A new defence doctrine for Labour
Keep Trident. End expeditionary warfare
In this essay and video I’ve tried to outline what a radical left Labour government in the UK should do about defence and national security.
Paul Mason: the leftwing case for nuclear weapons - video
Jeremy Corbyn needs to bury his opposition to nuclear weapons and vote to keep Trident, argues Paul Mason, to allow…
What should Labour do?
1. Vote for renewal of a Trident-capable force of four submarines, while retaining the right move from CASD to a CASD-capable submarine force, subject to parliamentary approval. At the same time, if the Scottish government votes to scrap Trident, Labour should advocate the removal of the base from Faslane to a base in England.
2. Faced with a vote “in principle” on CASD Labour should move an amendment: “Britain should keep its CASD capability while the right to vary the posture of the deterrent depending on threat levels, as identified in a Nuclear Posture Review to be conducted by parliament every three years.” That should examine every option, from removing the weapons, to keeping the submarines in base, to a far more specific and public rules of engagement, as per the US Nuclear Posture Review.
3. Scrap the naval base in Bahrain
4. Scrap the doctrine of “enhanced global reach” with an expeditionary force designed for out-of-Europe operations.
5. Adopt a defence doctrine which precludes expeditionary warfare outside of NATO commitments in Europe.
6. Repurpose Joint Force 2025 around Britain’s NATO mission in Europe.
7. Push for a new NATO Strategic Concept designed to de-escalate tensions with Russia; stabilise Eastern Europe; enhance ballistic missile defence, and allocate new, permanent non-aggressive deployments to NATO forces in Europe
8. Fully participate in the EU’s common defence and security policy
9. Renew the democratic insitutions for defence and security strategy, embedding the legitimacy of defence and security forces deeper into society thorugh enhanced democratic control and scrutiny.
10. Expand domestic anti-terror capabilities, with advance legal and operational permissions for UK armed forces to deploy in case of a Paris-style marauding attack. New democratic controls on intelligence and surveillance agencies.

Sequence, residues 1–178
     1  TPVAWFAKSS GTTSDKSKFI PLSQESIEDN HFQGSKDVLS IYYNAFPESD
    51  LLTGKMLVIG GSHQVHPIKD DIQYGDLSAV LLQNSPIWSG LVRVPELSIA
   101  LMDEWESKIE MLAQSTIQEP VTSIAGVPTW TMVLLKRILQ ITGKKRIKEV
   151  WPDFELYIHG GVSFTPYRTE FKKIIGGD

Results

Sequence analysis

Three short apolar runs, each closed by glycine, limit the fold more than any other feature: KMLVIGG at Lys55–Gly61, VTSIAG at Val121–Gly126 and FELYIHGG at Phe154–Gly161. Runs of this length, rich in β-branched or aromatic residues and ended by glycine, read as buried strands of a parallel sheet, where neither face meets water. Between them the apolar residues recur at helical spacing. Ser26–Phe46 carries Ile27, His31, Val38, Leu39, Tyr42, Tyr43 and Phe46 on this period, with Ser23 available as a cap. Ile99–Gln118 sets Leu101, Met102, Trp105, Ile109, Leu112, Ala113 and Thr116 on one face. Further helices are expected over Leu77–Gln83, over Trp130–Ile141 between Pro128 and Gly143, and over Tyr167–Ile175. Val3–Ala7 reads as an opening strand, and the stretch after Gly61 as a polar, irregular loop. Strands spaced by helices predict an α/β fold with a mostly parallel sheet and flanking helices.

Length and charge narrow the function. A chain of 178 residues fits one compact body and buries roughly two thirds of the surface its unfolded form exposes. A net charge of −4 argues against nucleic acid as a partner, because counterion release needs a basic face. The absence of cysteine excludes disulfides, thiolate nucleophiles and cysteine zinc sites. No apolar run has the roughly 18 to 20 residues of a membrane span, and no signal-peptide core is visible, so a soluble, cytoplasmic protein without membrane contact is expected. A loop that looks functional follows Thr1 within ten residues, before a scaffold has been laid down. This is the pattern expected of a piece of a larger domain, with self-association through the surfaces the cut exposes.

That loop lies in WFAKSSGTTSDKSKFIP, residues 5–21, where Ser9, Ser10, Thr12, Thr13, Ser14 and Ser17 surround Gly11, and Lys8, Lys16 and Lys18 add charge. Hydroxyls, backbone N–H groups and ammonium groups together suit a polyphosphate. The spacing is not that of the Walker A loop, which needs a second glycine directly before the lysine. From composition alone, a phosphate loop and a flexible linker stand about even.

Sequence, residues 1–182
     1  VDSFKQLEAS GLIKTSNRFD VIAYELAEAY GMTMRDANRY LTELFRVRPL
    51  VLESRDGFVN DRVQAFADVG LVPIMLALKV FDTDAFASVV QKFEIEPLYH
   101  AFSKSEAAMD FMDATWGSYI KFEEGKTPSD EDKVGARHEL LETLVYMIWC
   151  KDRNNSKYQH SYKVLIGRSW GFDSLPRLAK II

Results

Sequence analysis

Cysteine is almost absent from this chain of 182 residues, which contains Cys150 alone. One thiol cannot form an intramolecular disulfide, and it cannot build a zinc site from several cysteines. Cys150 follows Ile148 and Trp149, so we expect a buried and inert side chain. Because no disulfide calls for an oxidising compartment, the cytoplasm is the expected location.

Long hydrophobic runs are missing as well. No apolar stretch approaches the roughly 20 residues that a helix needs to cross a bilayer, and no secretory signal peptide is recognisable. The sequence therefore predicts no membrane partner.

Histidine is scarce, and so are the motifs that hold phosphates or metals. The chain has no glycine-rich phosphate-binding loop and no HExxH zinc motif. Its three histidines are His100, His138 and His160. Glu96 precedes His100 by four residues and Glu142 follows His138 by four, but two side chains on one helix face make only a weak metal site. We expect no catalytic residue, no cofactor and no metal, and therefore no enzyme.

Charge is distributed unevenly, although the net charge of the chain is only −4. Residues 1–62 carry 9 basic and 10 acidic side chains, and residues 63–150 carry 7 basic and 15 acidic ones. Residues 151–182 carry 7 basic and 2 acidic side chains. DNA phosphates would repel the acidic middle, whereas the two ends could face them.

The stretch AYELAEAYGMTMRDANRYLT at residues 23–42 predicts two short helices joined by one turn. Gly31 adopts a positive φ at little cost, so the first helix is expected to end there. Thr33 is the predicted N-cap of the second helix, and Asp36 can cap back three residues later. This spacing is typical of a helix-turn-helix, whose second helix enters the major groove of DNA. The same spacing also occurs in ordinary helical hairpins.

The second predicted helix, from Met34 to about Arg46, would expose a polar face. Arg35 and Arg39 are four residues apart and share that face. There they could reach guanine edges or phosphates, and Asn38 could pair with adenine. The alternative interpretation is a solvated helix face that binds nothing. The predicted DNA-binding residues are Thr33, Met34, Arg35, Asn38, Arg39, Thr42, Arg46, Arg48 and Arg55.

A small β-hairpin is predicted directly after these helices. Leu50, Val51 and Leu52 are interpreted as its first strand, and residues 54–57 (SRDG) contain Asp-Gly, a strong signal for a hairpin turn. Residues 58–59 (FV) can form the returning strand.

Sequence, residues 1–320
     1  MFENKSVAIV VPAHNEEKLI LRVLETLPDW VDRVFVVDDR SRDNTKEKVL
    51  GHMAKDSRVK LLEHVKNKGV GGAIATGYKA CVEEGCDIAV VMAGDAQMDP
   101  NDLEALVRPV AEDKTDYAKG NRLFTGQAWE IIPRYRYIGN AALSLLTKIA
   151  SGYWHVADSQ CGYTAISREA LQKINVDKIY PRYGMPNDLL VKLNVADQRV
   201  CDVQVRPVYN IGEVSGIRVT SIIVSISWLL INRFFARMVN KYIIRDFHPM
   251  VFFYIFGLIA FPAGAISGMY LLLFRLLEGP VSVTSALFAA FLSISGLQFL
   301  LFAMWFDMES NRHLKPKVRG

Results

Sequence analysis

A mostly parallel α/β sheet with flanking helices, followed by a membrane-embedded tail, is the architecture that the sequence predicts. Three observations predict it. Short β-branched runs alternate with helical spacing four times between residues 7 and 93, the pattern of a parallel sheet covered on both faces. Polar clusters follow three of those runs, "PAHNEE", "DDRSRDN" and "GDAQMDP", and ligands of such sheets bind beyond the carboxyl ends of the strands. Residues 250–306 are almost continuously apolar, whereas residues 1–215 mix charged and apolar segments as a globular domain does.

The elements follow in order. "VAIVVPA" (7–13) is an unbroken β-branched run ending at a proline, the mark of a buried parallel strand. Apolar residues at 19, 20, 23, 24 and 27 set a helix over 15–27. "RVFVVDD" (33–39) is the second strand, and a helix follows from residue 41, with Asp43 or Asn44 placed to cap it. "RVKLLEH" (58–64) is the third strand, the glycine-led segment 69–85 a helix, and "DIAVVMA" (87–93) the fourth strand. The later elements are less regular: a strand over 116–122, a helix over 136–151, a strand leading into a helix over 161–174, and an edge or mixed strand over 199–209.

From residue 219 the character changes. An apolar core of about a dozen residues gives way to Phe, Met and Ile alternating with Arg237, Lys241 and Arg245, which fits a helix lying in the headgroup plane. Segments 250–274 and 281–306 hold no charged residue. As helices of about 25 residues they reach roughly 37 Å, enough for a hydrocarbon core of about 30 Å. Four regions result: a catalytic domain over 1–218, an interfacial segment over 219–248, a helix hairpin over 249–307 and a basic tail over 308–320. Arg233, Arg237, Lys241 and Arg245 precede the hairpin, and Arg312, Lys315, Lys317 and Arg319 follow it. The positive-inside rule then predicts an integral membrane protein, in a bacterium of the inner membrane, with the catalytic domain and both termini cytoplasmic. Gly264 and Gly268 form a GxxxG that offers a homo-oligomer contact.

Why we need a new approach
Whatever the military usefulness of Trident it has become a strategic weapon for two forces in British politics: the Conservatives, who will use the issue to attack Corbyn as “unfit to rule”; and the Blairite rump currently casting around for any issue to stir up grievance against an increasingly effective Labour leadership.
Labour cannot un-invent its unilateralist wing, and it must listen to those who took to the streets calling for it to scrap Trident. Having listened, it must offer them something more important: a Labour party ready to rule; a government ready to break the cycle of failed expeditionary wars; which can fight terrorism effectively and stabilise NATO’s relationship with Russia in Europe.
To do this Labour needs more than just a position on Trident. It needs a defence doctrine.
Since 1956 British politicians have, traditionally, avoided “strategy”. After the Suez fiasco and the subsequent withdrawal from “East of Suez” commitments, the Cold War allowed military doctrine to remain largely bipartisan. Then Tony Blair evolved a de facto strategy of “humanitarian intervention” — beginning in the Balkans and leading to Britain’s participation in both the Iraq War (2003–11) and the Afghan War (2006–14).
The experience of military stalemate, withdrawal, disorder, a compromised human rights record and the politicised use of intelligence has led to a substantial fall in popular consent for military action of any kind. This in itself constitutes a threat to national security, which cannot be remedied by military parades but by a new defence doctrine coherent with what the UK population wants.
Its principles should be:
- a conventional force designed around Britain’s NATO mission in Europe, to deter potential Russian aggression and to facilitate the major powers of Western Europe taking charge of stabilising the region, rather than having to jump to the demands of immature democracies of Eastern Europe.
- an enhanced anti-terror capability pre-authorised to operate on British soil in the face of a Mumbai-style attack, and whose surveillance and intelligence operations come under increased democratic scrutiny.
This would involve a clear break with Conservative defence policy, as set out in the SDSR2015. Since May 2015 the UK government has begun to make large-scale new commitments on defence and security, not matched to any identifiable threat or mission. In addition, much of the spending commitments contained in the defence review are is not clearly costed and the projects are being carried out “at risk” by the MoD — ie at risk of creating another defence black hole.
Cameron has committed to a major new military base in Bahrain, reversing the post-1956 doctrine; he wants to renew the nuclear deterrent with an “in principle” vote about Continuous At Sea Deterrence, completely separately from any threat assessment. He wants the UK to seek exemptions from international human rights and the laws of war. With the Joint Force 2025 concept the government proposes a significantly enlarged expeditionary force of ground troops, two aircraft carriers and expanded a significantly expanded force of strike and transport aircraft.
In the enture process, nobody seems to have asked what all this is for: but when you build a naval base in a Gulf despotism halfway round the world, and double the size of your invasion force, the subtext is pretty clear.
Cameron wants a military that will operate globally, through beyond-Europe expeditionary warfare for which there is no current consent, and which stands at odds with the growing Russian threat to European security.